This has certainly helped Barclays which has seen its investment division start to perform better than expected in recent quarters, which in turn has helped it in respect of any underperformance in its domestic retail operations.
As for HSBC, they set aside £5.3bn in H1 in respect of non-performing loans, and said at the time that this could rise by another £5bn over the rest of the year, as it wrestles with its own restructuring plan, as well as walking a perilous tightrope between its China business, and its UK and US businesses.
In their most recent Q3 numbers they posited a slightly more positive outlook, saying that loan losses could well come in at the lower end of expectations for the full year, which is encouraging, however that also assumes no new deterioration in outlook as we head into winter.
Given recent events and the direction of travel with respect to the virus his view looks rather optimistic which suggests that talk of dividends being resumed at the end of Q4, is rather premature, and could well be blocked in any case by the Prudential Regulation Authority.
In Europe, authorities there have been fewer strides made in implementing the necessary processes to improve resilience here with the end result that the banking sector in the euro area is still sitting on very unstable foundations with trillions of euros of non-performing loans, and several banks in the region one large economic shock away from a possible collapse.
Spain’s Santander has been a notable standout in this regard, when they wrote down the value of their UK operation by €6bn and slumped to a €11bn loss, while setting aside €6.6bn in respect of non-performing loans in the first half of this year, and another €2.54bn in Q3.
Another Spanish bank, BBVA has also taken steps to address the upcoming economic tsunami facing the European banking sector, by setting aside €4bn so far this year.
The biggest components of the CMC European Banks share basket are comprised of BBVA, Santander, Societe Generale, ING and BNP Paribas, yet it is notable that it is the Spanish banks who appear ahead of the curve on loan provision, while the rest of the big banks in the European banking sector appear to have set aside less than €20bn between them, so far year to date.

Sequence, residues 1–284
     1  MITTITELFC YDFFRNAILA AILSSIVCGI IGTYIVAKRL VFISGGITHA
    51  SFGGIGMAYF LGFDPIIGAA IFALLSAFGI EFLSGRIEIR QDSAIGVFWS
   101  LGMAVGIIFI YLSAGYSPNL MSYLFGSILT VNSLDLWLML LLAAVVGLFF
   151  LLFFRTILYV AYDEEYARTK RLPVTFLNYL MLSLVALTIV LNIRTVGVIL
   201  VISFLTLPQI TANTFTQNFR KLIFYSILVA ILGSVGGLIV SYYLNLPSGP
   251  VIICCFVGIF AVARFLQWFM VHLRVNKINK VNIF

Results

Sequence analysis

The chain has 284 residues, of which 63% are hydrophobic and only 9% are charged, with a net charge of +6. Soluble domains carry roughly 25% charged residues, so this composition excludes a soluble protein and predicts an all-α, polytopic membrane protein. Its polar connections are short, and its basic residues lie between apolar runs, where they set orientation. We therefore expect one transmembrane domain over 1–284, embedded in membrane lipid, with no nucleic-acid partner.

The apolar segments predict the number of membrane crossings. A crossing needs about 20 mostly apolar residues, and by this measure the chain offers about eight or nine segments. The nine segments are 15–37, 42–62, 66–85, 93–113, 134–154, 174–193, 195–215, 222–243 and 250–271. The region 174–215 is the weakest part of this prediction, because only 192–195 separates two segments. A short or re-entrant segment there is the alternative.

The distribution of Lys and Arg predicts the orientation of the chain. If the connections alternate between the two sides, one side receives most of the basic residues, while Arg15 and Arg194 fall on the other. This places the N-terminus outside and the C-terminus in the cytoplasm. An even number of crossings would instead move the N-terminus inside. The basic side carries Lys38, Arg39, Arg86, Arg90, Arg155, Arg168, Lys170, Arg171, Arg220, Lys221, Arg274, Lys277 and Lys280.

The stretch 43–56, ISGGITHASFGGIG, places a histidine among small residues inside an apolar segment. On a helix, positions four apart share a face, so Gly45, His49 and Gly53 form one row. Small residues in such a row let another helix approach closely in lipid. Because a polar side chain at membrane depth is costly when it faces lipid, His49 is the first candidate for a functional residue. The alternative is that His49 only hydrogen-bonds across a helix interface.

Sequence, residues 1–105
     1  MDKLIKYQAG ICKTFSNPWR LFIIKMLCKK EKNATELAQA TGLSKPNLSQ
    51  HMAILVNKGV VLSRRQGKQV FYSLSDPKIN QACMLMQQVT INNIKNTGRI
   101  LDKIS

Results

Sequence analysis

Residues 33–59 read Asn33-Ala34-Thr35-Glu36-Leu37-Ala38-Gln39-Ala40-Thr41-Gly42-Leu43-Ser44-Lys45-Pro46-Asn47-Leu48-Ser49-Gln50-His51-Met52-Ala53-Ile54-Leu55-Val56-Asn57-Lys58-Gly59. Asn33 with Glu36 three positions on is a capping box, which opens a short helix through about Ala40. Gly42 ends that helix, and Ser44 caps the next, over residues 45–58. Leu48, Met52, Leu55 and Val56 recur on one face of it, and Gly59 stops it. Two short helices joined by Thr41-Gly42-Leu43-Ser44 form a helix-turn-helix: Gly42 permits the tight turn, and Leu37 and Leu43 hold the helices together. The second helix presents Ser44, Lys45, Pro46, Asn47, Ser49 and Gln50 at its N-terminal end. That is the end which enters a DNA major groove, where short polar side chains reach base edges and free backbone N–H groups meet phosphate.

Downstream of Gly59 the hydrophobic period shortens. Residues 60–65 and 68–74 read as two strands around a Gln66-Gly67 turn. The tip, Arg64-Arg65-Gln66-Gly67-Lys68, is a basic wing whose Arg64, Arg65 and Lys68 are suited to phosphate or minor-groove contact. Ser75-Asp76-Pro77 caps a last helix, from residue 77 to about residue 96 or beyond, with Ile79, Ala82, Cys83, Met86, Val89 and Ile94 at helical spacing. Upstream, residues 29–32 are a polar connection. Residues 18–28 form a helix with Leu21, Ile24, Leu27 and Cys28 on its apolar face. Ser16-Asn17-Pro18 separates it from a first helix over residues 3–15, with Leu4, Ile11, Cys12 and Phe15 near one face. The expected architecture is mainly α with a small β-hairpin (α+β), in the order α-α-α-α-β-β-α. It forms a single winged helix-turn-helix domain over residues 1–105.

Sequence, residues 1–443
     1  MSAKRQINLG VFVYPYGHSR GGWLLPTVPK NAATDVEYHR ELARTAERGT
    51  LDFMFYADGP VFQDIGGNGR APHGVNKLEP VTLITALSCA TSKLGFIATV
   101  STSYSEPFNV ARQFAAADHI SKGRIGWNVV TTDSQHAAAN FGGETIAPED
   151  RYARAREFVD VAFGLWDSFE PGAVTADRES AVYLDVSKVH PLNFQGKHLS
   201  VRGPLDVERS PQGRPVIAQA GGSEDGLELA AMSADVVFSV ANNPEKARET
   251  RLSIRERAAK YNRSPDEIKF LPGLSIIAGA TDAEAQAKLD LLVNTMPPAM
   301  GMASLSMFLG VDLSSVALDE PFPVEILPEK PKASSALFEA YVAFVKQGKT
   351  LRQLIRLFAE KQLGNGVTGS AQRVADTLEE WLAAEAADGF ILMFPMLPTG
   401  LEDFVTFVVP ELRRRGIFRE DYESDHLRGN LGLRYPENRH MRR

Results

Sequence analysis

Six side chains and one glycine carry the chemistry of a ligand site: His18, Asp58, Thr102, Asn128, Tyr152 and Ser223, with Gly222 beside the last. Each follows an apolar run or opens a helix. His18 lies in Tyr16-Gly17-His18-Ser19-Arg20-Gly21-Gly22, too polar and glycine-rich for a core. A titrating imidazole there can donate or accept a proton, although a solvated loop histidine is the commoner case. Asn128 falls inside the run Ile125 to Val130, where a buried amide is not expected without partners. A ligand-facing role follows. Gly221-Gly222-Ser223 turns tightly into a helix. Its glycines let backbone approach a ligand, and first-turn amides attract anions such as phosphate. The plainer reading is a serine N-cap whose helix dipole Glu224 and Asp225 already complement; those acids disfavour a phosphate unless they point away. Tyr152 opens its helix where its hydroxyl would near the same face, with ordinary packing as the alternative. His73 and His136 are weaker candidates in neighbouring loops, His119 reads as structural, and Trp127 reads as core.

The rest of the sector in Europe appears to be ill-prepared for a significant rise in credit losses, and while some of these banks are in much better shape than they were five years ago, there still seems an awful lot of complacency amongst European bank CEO’s, despite the weakness being seen in their share prices, and the likelihood that more economic pain is about to come their way in the form of a second wave, with Germany, France, Italy and Spain imposing ever more stricter conditions.
As if to underline some of the complacency over non-performing loans Germany’s biggest bank Deutsche Bank has set aside a pitiful €761m this year in respect of loan defaults at a time when the German economy has just gone into a one-month partial lockdown, following on from the total lockdown seen in March, April. Let’s hope this complacency doesn’t come back and bite it hard.
A recent survey outlined the scale of the problem in Europe with estimates that over half of Europe’s small and medium sized business could face bankruptcy next year if revenues don’t pick up. One in five companies in Italy and France anticipate filing for bankruptcy within 6 months according to a survey conducted by McKinsey and Co in August of 2,200 SME’s. Coming on top of the problems in the region already, this is likely to be a catastrophe unless EU leaders step up to the plate with a rescue plan.
Nowhere is that better illustrated than in the various CMC Markets share banking baskets so far this year.
Banking Sector Comparison YTD
Source: CMC Markets
Despite their fairly lofty valuations the share price losses for US banks have seen a much better recovery from the March lows than has been the case with its UK and European counterparts.
This has probably been as a result of recent optimism over the rebound in US economic data, however the recovery also needs to be set into the context of the wider picture that US banks are well above their post financial crisis lows, whereas their European and UK counterparts are not.
Another reason for this outperformance on the part of US banks (black line) is they still, just about, operate in a largely positive interest rate environment, and also have large fixed income and trading operations, which are able to supplement the tighter margins of general retail banking. They have also taken more aggressive steps to bolster their balance sheets against significant levels of loan defaults.
It’s also notable that UK banks have also underperformed, and some of this may well be down to concerns about a looming no deal Brexit, as well as concerns that the Bank of England may well go down the potentially destructive negative rates route.
This refusal to rule out the prospect of negative rates has had the effect of further suppressing UK gilt yields pushing both the 2 year and 5-year yield into negative territory, and eroding the ability of banks to generate a return in their everyday retail operations.
It is becoming slowly understood that negative rates have the capacity to do enormous damage to not only the bank’s overall profitability, but there is also little evidence that they can stimulate demand. If they did Japan, Switzerland and Europe would be booming, and they aren’t.
In conclusion the various CMC Share baskets give the ability for the user to diversify their risk exposure across a wide range of sectors, by either spreading the risk of exposure across a wide range of assets, or alternatively acting as a hedge to an underlying long position.